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Page:Popular Science Monthly Volume 70.djvu/77

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which they found in their new home is apparent in the vernacular names bestowed upon a number of our native birds. It was most natural that a bird so well known and so generally beloved as the English robin-redbreast should find a namesake in America, even though very different in habits and appearance. When the engaging birds with russet breasts came about the New England settlements in early spring, and cheerful pipings sounded through the clearings, 'robin' became a term of welcome and endearment, In some early notices of the bird the entire old world name of robin-redbreast was given. 'Daw' was an early name given to the crow blackbird or purple grackle by the settlers in the Middle Colonies and in Virginia. Though but distantly related to the jackdaw of England, this grackle[1] undoubtedly suggested the name from its habit of gathering in colonies about dwellings, where in the tops of tall pines and other shade trees it builds bulky nests. The jackdaw frequents belfrys and towers, but our blackbird has more of the rook in its nature, although a very different bird both in size and general appearance. The flocking of these grackles about the grounds of country houses and the noise of their vernal clatter is a welcome sign of returning spring. It savors of old homesteads in cultivated lands and suggests ancestral holdings, like the rooks in an English spinney or the daws in castle towers. In this vein of thought Lowell says 'they are the best substitute we have for rooks.' 'Blackbird' could only have been suggested by the generally dark color of the bird seen at a distance and in certain lights. There is nothing about our grackle that is in any way like the English blackbird.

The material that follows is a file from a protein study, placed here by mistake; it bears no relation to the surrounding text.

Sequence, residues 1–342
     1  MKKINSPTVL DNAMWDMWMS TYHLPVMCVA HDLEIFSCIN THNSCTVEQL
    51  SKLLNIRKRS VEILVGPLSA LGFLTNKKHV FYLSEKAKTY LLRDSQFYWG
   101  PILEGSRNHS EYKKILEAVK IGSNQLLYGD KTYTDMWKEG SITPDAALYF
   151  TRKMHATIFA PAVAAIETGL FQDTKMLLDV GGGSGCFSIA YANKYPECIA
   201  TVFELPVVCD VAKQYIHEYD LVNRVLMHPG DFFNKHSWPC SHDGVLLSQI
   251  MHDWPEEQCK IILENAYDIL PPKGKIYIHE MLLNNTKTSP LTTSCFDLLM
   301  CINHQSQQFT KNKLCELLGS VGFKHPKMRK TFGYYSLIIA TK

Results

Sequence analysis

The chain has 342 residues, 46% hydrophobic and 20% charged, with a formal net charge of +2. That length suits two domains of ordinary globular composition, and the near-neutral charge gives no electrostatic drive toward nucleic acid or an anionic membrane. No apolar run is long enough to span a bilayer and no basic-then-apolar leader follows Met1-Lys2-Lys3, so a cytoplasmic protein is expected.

A name is frequently the symbol of some striking characteristic as of color, or peculiarity of voice. Bluebird, redbird, yellow warbler, goldfinch and many others are full of color suggestion, while catbird, chat, phœbe, bobolink, towhee, song sparrow, and the like, appeal to the auditory sense. The bluebird, the nearest we have in this country to the English robin-redbreast and quite as lovable a bird in its way, has found a place in literature as it has in the hearts of all true lovers of the countryside. Alexander Wilson, poet and ornithologist, but first of all a poet, felt the charm of this bird when he immortalized its name in sympathetic prose and verse. The cardinal grosbeak was known as 'redbird' to the Virginia settlers, and, later, when much prized in London as a cage bird, its mellow, whistling notes won for it the title of 'Virginia nightingale.' 'Cardinal' has without doubt come into our language through the French of Louisiana, and possibly also, from the West Indies. The final 'grosbeak' is little used in general talk. I have lately heard some persons speak of this bird as the

  1. We are indebted to science for this word 'grackle' which is an Anglicized form of the Latin Gracula—a jack daw, a proof that even the scientific mind was biased in favor of recognizing the distant relationship. The black bird of England is a thrush—the ouzel cock or merle of the old English poets.